A Thanksgiving ode to tryptophan

My favorite holiday is on Thursday. And while I can’t be at home in the States to celebrate, being an ex-pat at Thanksgiving does have its perks, as I get to attend multiple alternate feasts over the weekend. That means twice the stuffing, twice the cranberries, twice the turkey, twice the tryptophan.

Yes, tryptophan. That infamous amino acid we use to justify dozing off during our aunt’s vacation slideshow after the big meal. Tryptophan is an essential amino acid, a protein precursor that the body uses to build various chemical structures. This includes serotonin, one of the primary neurotransmitters in the brain that is involved in everything from decision-making to depression. Serotonin is also a precursor to melatonin, which is important in sleep and wakefulness and is where the tryptophan-tiredness link comes in. However, despite the popular neuro-myth, turkey is actually no higher in tryptophan concentration than other types of poultry. Numerous different plant and animal proteins provide us with our daily doses of tryptophan, with sunflower seeds, egg whites and soy beans having some of the highest concentrations of the amino acid. In fact, turkey comes in at a measly 10th on the list of tryptophan sources.

Instead, the relation between eating and sleeping seems to be more dependent on the amount of food consumed, rather than the type we eat. Insulin is released after every meal, particularly ones high in carbohydrates, and the more carbs consumed, the more insulin is produced. This increase then changes the chemical levels in our bloodstream, affecting the re-uptake and release of various amino acids. Ultimately these changes result in greater amounts of tryptophan crossing the blood-brain-barrier and being taken up into the brain. There the tryptophan is converted to serotonin, some of which is also metabolized into melatonin, causing our postprandial nap.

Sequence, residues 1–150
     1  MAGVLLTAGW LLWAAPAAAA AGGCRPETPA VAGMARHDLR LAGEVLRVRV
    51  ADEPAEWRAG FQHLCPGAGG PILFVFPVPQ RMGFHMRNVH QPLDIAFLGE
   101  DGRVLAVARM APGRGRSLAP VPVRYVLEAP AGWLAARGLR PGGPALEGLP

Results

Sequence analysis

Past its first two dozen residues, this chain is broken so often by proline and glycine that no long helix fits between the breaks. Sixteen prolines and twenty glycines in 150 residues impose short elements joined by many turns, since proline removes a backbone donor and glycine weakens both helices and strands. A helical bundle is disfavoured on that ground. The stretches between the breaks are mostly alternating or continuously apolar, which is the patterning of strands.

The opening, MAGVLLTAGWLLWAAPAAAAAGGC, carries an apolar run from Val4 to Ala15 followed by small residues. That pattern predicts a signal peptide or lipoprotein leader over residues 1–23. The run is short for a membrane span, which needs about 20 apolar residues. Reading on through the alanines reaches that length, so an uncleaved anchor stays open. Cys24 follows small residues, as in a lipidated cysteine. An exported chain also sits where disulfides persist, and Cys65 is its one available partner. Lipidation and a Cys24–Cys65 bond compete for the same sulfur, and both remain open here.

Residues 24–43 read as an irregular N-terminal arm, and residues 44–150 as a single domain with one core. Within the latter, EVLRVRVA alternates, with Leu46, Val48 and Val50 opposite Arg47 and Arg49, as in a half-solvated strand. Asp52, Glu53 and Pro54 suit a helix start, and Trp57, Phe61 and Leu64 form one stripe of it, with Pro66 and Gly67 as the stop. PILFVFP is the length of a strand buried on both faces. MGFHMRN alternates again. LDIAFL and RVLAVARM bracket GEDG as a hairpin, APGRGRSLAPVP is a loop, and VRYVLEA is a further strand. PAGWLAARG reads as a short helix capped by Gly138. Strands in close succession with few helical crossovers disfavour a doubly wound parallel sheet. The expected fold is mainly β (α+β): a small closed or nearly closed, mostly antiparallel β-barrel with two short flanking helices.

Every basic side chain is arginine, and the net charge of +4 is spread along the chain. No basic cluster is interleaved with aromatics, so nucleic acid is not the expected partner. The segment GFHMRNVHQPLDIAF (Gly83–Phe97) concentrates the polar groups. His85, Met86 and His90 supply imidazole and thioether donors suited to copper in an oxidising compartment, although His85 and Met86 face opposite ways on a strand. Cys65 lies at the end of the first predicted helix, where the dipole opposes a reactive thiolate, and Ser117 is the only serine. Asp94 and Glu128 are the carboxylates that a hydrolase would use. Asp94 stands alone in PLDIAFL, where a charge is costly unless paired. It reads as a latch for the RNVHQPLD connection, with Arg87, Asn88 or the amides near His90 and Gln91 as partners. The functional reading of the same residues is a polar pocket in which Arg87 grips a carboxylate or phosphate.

Tryptophan’s influence on serotonin levels doesn’t just affect sleep cycles. The link between depression and low serotonin levels is well established, and tryptophan supplements have been suggested as less invasive treatments for the disorder. Unfortunately these studies have been mostly unsuccessful to date, as mild modifications of tryptophan seem to have little to no effect on mood in most individuals. However, it is possible that people with low endogenous levels of tryptophan due to specific genetic profiles may be more susceptible to the chemical’s effect on mood, and current research is still ongoing in the matter.

So regardless of whether it’s turkey, stuffing or sweet potatoes you prefer, remember to load up your plate during Thanksgiving to get those happy drowsy effects later. It may just help you feel a little bit calmer, and prevent some of the Black Friday mayhem the next day.


Weed be better off smoking our parents’ pot

We’ve all heard our parents say it*: “Back in my day, dope was much better than it is now. It wasn’t nearly as strong as what you kids smoke today.”

Like much of the advice our parents give us (like always take out your contacts before you go to bed), this one is also true. The THC (tetrahydrocannabinol – the primary psychoactive compound in cannabis) concentration in marijuana has increased by as much as 12% over the last 30 years. This rise in THC levels is related to increases in the subjective ‘high’ feelings associated with smoking cannabis, like changes in perceptual sensations, contentedness, and increased appetite. However, THC is also linked to many of the negative consequences of cannabis use, including risk for dependence, attentional bias or distraction, impaired memory and cognition, and the potential emergence of psychotic symptoms.

Alternatively, CBD (cannabidiol – one of the other major chemicals in cannabis that works by increasing endogenous cannabinoid levels in the brain) is associated with the anxiolytic or anti-anxiety effects of marijuana. Additionally, it is thought to act as a protective factor against many of the negative effects the drug can have, including the development of abuse, cognitive impairments, and even psychotic symptoms.